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The East African : Apr 19th 2015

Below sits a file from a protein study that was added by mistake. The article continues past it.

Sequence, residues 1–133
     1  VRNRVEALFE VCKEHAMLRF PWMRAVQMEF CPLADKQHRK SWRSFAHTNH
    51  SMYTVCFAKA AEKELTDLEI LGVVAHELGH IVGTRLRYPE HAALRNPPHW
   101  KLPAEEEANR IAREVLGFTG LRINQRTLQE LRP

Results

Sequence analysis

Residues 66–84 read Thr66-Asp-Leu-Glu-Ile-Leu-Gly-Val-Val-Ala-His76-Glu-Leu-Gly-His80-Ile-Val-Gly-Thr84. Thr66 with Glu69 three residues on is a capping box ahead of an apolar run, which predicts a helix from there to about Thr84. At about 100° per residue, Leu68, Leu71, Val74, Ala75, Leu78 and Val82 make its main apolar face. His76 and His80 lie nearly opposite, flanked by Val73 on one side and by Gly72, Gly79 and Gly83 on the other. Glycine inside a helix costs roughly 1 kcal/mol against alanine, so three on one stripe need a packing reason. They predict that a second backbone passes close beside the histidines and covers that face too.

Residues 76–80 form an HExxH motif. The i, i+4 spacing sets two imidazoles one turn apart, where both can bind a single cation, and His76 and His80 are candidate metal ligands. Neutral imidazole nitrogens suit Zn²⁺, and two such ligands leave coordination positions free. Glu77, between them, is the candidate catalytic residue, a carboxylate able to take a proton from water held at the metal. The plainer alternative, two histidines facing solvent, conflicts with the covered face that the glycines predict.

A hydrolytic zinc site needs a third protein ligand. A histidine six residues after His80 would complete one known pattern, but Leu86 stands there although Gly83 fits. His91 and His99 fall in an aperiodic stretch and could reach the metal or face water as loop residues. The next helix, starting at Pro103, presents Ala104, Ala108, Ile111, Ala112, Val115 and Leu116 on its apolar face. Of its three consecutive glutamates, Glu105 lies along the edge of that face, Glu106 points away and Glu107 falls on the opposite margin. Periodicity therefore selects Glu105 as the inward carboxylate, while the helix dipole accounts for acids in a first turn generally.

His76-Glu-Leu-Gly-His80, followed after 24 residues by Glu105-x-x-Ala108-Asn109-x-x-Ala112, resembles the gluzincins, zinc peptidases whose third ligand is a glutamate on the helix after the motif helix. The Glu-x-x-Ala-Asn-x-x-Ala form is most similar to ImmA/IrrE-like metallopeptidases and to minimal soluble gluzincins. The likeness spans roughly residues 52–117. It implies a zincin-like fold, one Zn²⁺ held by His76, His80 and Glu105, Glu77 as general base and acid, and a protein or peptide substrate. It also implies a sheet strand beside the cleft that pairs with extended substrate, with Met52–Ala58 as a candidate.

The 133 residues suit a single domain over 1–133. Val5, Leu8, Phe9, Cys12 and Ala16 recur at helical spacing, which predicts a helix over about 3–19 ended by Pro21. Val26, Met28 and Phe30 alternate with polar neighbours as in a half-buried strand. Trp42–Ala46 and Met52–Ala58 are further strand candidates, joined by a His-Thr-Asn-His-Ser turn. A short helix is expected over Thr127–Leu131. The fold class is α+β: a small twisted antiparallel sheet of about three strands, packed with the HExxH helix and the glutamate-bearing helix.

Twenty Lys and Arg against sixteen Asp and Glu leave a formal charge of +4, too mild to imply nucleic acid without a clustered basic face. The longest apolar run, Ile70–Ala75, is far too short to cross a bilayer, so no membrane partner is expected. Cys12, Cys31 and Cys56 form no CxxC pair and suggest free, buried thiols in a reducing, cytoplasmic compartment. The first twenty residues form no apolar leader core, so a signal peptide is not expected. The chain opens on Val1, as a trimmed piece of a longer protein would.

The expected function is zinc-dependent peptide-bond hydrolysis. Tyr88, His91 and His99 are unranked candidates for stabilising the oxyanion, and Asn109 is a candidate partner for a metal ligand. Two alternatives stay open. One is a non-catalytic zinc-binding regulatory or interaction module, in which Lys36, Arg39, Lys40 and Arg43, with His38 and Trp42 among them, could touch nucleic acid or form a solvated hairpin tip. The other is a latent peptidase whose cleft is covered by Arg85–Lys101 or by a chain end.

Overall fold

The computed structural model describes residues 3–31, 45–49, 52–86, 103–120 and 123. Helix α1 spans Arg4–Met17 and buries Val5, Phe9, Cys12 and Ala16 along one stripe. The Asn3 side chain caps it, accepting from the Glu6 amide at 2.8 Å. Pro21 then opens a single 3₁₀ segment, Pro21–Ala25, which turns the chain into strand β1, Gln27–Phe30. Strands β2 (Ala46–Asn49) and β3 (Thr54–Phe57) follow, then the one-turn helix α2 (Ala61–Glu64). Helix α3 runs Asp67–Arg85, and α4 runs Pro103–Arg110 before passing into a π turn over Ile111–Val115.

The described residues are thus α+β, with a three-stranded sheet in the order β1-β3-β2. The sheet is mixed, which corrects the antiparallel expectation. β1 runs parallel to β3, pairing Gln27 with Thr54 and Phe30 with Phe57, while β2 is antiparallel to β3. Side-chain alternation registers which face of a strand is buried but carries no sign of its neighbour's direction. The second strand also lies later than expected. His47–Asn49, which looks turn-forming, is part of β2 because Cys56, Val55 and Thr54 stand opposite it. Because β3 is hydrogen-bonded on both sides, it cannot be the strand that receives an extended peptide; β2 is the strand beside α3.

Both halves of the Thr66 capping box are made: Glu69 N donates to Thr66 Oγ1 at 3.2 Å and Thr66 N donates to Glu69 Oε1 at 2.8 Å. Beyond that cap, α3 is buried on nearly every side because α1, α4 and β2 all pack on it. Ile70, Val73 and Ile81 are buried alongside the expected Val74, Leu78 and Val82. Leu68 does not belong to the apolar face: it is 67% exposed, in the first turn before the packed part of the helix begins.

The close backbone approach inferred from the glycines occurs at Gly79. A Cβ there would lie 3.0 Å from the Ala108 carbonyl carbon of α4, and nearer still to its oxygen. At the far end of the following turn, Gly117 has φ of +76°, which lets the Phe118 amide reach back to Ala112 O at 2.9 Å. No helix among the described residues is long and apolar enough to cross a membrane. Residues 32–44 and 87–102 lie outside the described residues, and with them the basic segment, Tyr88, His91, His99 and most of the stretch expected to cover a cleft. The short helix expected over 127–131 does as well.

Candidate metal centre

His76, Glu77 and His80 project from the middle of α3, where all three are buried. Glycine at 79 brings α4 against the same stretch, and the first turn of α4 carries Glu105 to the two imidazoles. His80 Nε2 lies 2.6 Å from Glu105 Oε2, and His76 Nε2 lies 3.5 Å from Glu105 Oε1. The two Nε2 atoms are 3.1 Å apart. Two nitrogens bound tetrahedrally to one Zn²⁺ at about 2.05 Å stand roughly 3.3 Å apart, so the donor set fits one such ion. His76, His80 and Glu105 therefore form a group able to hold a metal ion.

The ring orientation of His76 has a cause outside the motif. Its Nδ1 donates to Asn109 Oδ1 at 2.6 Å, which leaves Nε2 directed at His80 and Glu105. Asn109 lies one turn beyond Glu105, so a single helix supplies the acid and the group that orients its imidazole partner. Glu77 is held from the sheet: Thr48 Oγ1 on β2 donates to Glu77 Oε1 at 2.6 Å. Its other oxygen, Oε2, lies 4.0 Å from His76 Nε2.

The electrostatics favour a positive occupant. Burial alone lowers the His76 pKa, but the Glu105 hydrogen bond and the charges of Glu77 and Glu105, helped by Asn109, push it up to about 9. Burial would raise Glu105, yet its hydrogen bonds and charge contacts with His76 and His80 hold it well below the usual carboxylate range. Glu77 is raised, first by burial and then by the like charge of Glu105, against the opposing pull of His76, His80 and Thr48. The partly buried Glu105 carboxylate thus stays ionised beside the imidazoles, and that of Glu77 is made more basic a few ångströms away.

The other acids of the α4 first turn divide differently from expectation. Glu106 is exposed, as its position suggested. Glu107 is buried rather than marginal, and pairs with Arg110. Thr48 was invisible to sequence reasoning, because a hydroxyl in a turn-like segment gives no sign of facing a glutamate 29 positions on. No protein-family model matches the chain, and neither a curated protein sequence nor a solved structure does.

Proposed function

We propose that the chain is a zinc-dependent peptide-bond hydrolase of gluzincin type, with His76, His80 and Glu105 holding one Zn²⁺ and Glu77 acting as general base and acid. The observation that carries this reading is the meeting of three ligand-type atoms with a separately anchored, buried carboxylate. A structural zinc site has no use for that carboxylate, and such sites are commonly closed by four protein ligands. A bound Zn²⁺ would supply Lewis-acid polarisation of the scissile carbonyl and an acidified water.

The EastAfrican 42 BUSINESS APRIL 18-24,2015 MANAG E R supplier they want and the price they will pay before a salesperson sets foot through the door. In this competitive environment, the premium on finding, training, motivating and retaining star salespeople has never been higher. Yet because firms measure on- ly past sales performance, they have limited insight into how a salesperson will do. As a result, many firms overvalue their poor performers and undervalue their stars. Failing to forecast a sales- person’s future value (SFV) can lead to costly misallocation of training and incentive dollars. Worse, it can allow undervalued but top-flight salespeople to slip through your fingers and take valuable customers with them. We define SFV as the net present value of future cash flows from a salesperson’s customers after accounting for the costs of developing, motivating and retaining the rep. Comparing SFV for different time horizons allows managers to optimise training and incentives to achieve short- and longer-term goals. In our research, we forecast reps’ SFV at one year and three years. A three-year horizon is typical for managerial decision-making. Like most companies, the firm we worked with had been using revenue generated as the main metric for valuing its salespeople. Reps who brought in the most money were considered “stars.” An SFV analysis, however, revealed that this blunt measure was neither an accurate gauge of a rep’s current worth nor a good indicator of Who’s you≥ most valuable salespe≥son? C ompanies have become savvy customers, often determining the solution they need, the must also take into account managers’ time-frame goals: Training strategies that maximise short-term performance may be different from those that lead to the best long-term outcomes. Managers must also deter- mine which salespeople will respond best to different types of incentives and adjust the incentive structure as needed. Career development and re- tention: Salesperson segmentation and future value calculations allow managers to understand why the profit potential of one salesperson is climbing while another’s is plateauing or falling. Not all underperforming salespeople should be cut loose, obviously. In many cases, our research suggests, performance problems may reflect misapplication of training and incentives. The problem, in other words, is managerial. Profiling and recruitment. COMMENTARY V. KUMAR, SARANG SUNDER AND ROBERT P. LEONE “As selling becomes more complex, the role of the sales force as a source of competitive advantage grows.” his or her potential. What training and incentives will bring out the best in a high achiever or help a promising rep improve? We defined two classes: train- ing-driven reps, influenced by instruction and learning; and incentive-driven reps, motivated by monetary and other rewards. Most sales training is task related, focused on improving knowledge and skills involved in selling. Growth-related training helps reps identify and develop needed task-related skills. After gauging the impact of the training, three findings emerged that have important implications: One, more isn’t necessarily better. Two, time frame matters such that training effects in general are greater in the long term. However, the impact of long-term training on SFV is much more pronounced among training-driven reps. Finally, training types are mutually reinforcing. Growth-related training, which focuses on adaptive and problem-solving skills, can enhance a salesperson’s ability to apply information and tactics developed in task-related training. The benefits of the synergy between the two types is greater in the long term than in the short term. When it comes to extrinsic motivators, salespeople respond quickly and enthusiastically to monetary rewards and recognition. Monetary rewards are more powerful for all types of reps in the short term. Finally, monetary and nonmonetary rewards have a greater impact on SFV when combined — in both segments and in both the short and long term. With SFV metrics in hand, managers can segment the sales force, identifying those sensitive to training, incentives or other factors. Then, managers can make data-driven decisions about investments in training and incentives, career development and even hiring and firing. Training and incentives in- vestments: Managers should determine each salesperson’s sensitivity to different types of instruction and monitor both assigned and opt-in training accordingly. Training decisions The SFV measurement allows a firm to profile top performers in a given segment and then recruit and optimally train and motivate others like them. Our study found that incentive-driven reps were generally older, had more experience (more than 10 years) and were more self-confident than training-driven reps. Training-driven reps tended to engage in more cross-selling and so sold a wider breadth of products, but their revenue per transaction was lower. Finally, training-driven reps were more likely to sell to smaller but rapidly growing clients, while incentive-driven reps tended to attract larger and more stable customers. As selling becomes ever more complex, the role of the sales force as a source of competitive advantage grows. Measuring and managing the sales force according to future value metrics can deliver greater efficiency and profits and increase competitive advantage. Harvard Business School Publishing Corp Afte≥ change management, g≥eate≥ ≥etu≥ns on investment BY MICHAEL HOLZMANN Special Correspondent IN PWC’s recent Africa CEO Survey, 59 CEOs of financial services organisations in 17 countries report that change programmes are under way or completed in several common areas. However, some 75 per cent of change initiatives fail. To understand this high failure rate, let’s examine change management at a practical level. Organisations are doing two things to change: communicating and training. Communication tends to focus on the value of the initiative to achieve greater buy-in. Training addresses the detail and requirements. However, without a clear understanding of the problems, neither communication nor training will sustain long-term change. Change management supports business transformation effectively when it is clear which problems need to be solved. One way to approach this is to apply a simple test to any proposed change: How will it improve the client experience and profitability? Within financial services organi- sations, change initiatives tend to be driven by market demands e.g. the need for new products or outreach to new customer segments. The underlying issue may be how to differentiate the company from the competition. Introducing new products or greater efficiency in an itemised way will not achieve this outcome and constant segmentation of customers may eventually lead to diminishing returns. Comprehensive change management will, therefore, reveal insights to drive transformation through a changed customer experience while maintaining a careful eye on profitability. The CEO may not need to have a personal view of what the client experience should be, but he should task his managers with understanding it. Increasing market share or improving customer retention is more about having people volunteer and identify what they need to do. Their efforts are visiondriven, but the responsibility for driving the initiative forward does not need to reside with the Daydreamer-in-Chief at the company. 75pc How can organisations think differently about transformation? First, they can agree upon the key characteristics of the customer’s experience now and in the future. They can empower teams to identify the critical customer experiences that drive the business in terms of market share, profitability and cross-selling. They can identify the experiences that drive customer decisions and behaviours with regard to extending or expanding their relationship with the business—or leaving for a competitor. A clear view of what needs to get The percentage of change initiatives that fail done to achieve that new experience should also include a way of tracking progress towards it as benefits accrue over time. The interdependence between various stakeholders within an organisation will also lead to a sense of co-ownership transcending silos and departmental structures and hierarchies — trust is an essential ingredient in change management: trust within members of the organisation, and trust that the organisation has earned among its customers. Organisations that successfully manage change view it as a capability to be developed—not a cost to be managed. They are agile, changeready and more competitive. Agile organisations accept that customer focused change is an ongoing feature of organisational life. Organisations that have experi- enced managed change and learned from those efforts are more likely to realise a greater retrun on investment on future change efforts. Michael Holzmann is the Direc- tor of PwC Kenya’s People & Change advisory consulting practice.